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HTC To Build Open Metaverse Amidst Rise of the Splinternet

HTC believes that an open metaverse is the best course in the long run.

Countries such as Russia have been putting new laws into place that are splintering the internet. Despite the rise of this ‘splinternet’, HTC is moving forward with its plans to create an open metaverse.

When people hear the word metaverse, they often think of blockchain, NFTs and cryptocurrency. However, according to China President of HTC, Alvin Graylin, these technologies will not be necessary for the metaverse. The metaverse is the next phase of the internet in which users will interact in virtual reality via avatars.

Graylin feels that decentralized cryptocurrencies will play a lesser role in the future of the global economy than digital fiat currency.

“Governments will realize soon — as the Chinese government has realized — the potential dangers of losing control over one’s sovereign currencies by not regulating cryptocurrencies. Then governments will want to reclaim control over it,” Graylin told Forbes.

Envisioning HTC’s VIVERSE

HTC unveiled its plans for its metaverse, the VIVEVERSE, back in February. The Viverse will be an open metaverse, which HTC plans to make accessible to consumers throughout the globe. More recently, HTC announced the VIVE wallet and VIVE Bytes as additional components of the upcoming metaverse.

HTC plans to work with a plethora of game engines to develop a platform where anyone can create content. The tech company also contributes to the OpenXR consortium, a nonprofit organization that aims to create uniform standards for XR devices to ensure compatibility.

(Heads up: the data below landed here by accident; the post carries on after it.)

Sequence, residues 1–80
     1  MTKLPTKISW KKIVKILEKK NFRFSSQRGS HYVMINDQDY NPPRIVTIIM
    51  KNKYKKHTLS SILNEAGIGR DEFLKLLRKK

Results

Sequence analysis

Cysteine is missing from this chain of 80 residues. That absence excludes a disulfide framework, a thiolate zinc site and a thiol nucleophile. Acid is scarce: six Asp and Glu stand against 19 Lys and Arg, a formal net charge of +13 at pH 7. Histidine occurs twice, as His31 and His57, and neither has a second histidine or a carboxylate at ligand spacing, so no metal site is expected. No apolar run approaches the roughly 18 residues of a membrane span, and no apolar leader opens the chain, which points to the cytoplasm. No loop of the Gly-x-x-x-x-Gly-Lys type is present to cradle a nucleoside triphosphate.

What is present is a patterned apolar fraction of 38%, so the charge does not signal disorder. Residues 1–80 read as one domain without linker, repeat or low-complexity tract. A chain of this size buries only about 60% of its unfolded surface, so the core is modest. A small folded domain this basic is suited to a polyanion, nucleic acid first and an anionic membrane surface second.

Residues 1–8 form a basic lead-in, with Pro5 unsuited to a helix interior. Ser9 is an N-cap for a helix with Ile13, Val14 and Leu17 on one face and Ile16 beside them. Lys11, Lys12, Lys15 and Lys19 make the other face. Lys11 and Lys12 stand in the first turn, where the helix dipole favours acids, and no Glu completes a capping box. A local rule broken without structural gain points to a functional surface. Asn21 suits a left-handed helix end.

While Meta’s Horizon Worlds is an early metaverse contender, “an open and accessible interoperable metaverse will absolutely win in the long term,” according to Graylin. “Companies that choose to be in a closed environment or create a walled garden may see short-term success, but they will likely be disappointed in the long run.”

While the Chinese XR market is currently saturated with competing hardware developers, HTC isn’t concerned. 

“Unfortunately, there isn’t a great deal of real innovation originating from some of these local Chinese companies these days,” Graylin told Forbes. “Some just don’t have the scale, the internal research and development or design capabilities needed to innovate.” 

As of now, it appears that the U.S and Chinese metaverses will not share connectivity. However, HTC believes this will change over time. “China will likely use CBDC (e-CNY) and DDC (Distributed Digital Certificates), while cryptocurrencies and NFTs will be used in the west. That’s going to keep China’s ecosystem fairly closed in the near term. But longer-term, there may be a translation layer that vendors will create to allow interoperability among different virtual worlds globally.”

Written By

Daniel Griffiths is a veteran journalist who has worked on some of the world's biggest entertainment, home and tech media brands. He's reviewed all the greats, interviewed countless big names, and reported on thousands of releases in the fields of video games, music, movies, tech, gadgets, home improvement, self build, interiors, garden design and more. He’s the ex-Editor of PSM3, GamesMaster, Future Music and ex-Group Editor-in-Chief of Electronic Musician, Guitarist, Guitar World, Computer Music and more. He renovates property and writes fun things for great websites.

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